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Tuesday, November 16, 2010

The Cafe Alcazar

Where do artists go to hang out? If you asked that question in most communities today, or even most cities, you'd be met with a shrug or a blank stare. Although one might expect to hear of some colorful neighborhood bar or pub, one might also be quite disappointed. Actually, few artists today hang out anywhere like that. Instead, quite likely, their favorite hangout would be their own studio in front of a glowing rectangle and the familiar blue and white screen of Facebook or some such other social networking site. They might still be  chatting with their like minded friends but there would be no amiable bartender serving frosty mugs of brew--maybe a can of beer from the fridge in the kitchen. And the friends? They might well be thousands of miles away under similar circumstances.

Contrary to popular belief, given the enormous quantity of work many famous and historic artists produced during their lifetimes, they didn't paint twenty-four hours a day, seven days a week. They ate, slept, and relaxed at the end of a hard day's work the same as the rest of us (painters or otherwise). Usually such periods of relaxation involved a small cafe where they took their meals, drank their wine, and met and talked with fellow artists. The Impressionist had their Guerbois; Picasso and his friends the els Quatre Gats; the New York School, the Cedar Tavern; and in the tiny village of Arles in the south of France there still stands today The Cafe Alcazar.

Cafe Terrace at Night,
1888, Vincent van Gogh
The address is number 2 place Lamartine. Except for it's two most famous customers it was not really much of an artists' hangout. In large part its clientele consisted of ordinary farm workers, a few merchants, government workers, and some prostitutes. It was not a pretty place. The colors were predominantly green, browns, rather garish yellows, made all the more so by the primitive electric lights hanging from the ceiling. There was a billiard table, a bar, crude tables, chairs, and no discernible decor. It was a place, as the tavern song says, "...where everybody knows your name." And speaking of names, its main claim to fame today is Vincent Van Gogh and his sometimes friend, Paul Gauguin. Here these two ate, drank, argued, fought, and joked with the waitresses, town drunks and prostitutes. Here they relaxed and took the edge off a grinding, precarious daily existence in which poverty and emotional instability were never far removed.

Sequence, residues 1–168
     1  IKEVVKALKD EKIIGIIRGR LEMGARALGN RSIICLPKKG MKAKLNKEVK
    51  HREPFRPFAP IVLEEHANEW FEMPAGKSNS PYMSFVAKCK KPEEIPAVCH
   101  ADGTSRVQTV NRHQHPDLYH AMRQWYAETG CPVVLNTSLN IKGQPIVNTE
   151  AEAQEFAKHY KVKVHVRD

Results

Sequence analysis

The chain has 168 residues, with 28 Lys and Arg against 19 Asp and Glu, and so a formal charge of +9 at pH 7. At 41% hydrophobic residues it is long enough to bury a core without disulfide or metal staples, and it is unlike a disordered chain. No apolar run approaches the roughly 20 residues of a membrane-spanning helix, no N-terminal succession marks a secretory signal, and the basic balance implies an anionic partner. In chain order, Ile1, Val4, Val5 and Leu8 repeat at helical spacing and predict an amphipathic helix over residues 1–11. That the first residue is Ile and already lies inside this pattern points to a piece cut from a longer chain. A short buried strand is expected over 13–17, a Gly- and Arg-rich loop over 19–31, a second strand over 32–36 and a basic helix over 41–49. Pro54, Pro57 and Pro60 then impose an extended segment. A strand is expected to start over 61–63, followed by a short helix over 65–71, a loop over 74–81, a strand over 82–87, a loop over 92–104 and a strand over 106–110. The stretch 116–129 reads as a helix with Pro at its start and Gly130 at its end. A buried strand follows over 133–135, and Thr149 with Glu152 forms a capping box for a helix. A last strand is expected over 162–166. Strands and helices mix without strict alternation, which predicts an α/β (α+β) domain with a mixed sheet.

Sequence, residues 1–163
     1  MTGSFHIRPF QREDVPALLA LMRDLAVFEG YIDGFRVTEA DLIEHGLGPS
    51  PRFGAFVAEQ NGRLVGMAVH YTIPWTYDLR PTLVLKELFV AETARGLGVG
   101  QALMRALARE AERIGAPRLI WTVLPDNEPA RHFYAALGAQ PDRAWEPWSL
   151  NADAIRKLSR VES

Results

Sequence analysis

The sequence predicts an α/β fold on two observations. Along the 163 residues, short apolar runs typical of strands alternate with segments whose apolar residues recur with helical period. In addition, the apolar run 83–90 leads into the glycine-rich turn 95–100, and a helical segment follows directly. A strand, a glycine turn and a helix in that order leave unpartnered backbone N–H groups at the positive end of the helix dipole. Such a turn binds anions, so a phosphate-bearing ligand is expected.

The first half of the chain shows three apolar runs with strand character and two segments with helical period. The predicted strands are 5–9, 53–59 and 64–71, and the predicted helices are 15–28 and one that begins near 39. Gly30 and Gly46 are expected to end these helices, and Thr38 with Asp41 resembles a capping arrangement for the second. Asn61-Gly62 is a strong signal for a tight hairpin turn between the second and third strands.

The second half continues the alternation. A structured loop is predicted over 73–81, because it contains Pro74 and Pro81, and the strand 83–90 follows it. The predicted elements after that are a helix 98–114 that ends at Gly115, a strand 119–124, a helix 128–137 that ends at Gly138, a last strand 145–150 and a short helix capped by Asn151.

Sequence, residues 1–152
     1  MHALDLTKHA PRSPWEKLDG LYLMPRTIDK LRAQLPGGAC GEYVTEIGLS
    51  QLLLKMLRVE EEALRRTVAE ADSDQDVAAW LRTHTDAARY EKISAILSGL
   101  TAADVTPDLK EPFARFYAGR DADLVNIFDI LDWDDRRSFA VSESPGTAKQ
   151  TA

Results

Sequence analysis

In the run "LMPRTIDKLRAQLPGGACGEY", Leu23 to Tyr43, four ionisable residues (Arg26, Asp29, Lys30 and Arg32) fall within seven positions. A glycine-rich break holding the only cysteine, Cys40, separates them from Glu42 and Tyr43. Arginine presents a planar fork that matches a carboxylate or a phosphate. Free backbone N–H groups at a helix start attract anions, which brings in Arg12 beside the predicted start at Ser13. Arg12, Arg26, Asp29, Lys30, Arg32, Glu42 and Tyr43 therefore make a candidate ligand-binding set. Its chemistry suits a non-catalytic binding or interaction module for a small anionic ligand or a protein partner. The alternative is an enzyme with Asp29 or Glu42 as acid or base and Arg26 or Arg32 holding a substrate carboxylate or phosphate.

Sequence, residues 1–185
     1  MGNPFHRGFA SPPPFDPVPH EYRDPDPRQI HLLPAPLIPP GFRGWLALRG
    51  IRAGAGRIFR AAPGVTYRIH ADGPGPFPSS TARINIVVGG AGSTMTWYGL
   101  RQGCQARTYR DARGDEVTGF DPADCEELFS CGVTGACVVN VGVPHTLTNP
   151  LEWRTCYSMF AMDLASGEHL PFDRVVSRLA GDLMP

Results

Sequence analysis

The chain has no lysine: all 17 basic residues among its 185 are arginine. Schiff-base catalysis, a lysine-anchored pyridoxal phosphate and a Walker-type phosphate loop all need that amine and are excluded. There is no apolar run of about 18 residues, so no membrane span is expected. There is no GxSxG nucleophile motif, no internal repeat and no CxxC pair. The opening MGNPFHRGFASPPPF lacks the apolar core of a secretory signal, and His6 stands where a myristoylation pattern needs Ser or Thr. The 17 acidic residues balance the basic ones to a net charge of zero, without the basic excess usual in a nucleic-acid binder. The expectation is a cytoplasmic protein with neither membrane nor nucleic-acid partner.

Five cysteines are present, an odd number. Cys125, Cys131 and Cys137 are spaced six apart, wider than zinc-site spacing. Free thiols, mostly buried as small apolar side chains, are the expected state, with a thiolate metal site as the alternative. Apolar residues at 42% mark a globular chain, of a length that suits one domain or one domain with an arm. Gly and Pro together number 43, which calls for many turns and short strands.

The Night Cafe, 1888,
Vincent van Gogh

Van Gogh painted the place on a couple occasions. The more famous Yellow House, which he also painted, was nearby. It was destroyed during WW II bombing, but his  paintings of the area give a good feel for what the place must have been like 120 years ago. Vincent also painted many of the people who frequented the tiny tavern, including his good friend and postman, Joseph Roulin, his wife, also Marie Ginoux, wife of the owner of the place, and some of the young ladies he met there.  But it is his haunting depiction of the bistro's deserted, lonely interior  at night, after all the patrons had gone, that is our most lasting impression of the Cafe Alcazar.  It is a place, Van Gogh said, "...where you can ruin yourself, go mad, commit a crime...  So I have tried to express, as it were, the powers of darkness in a low public house."

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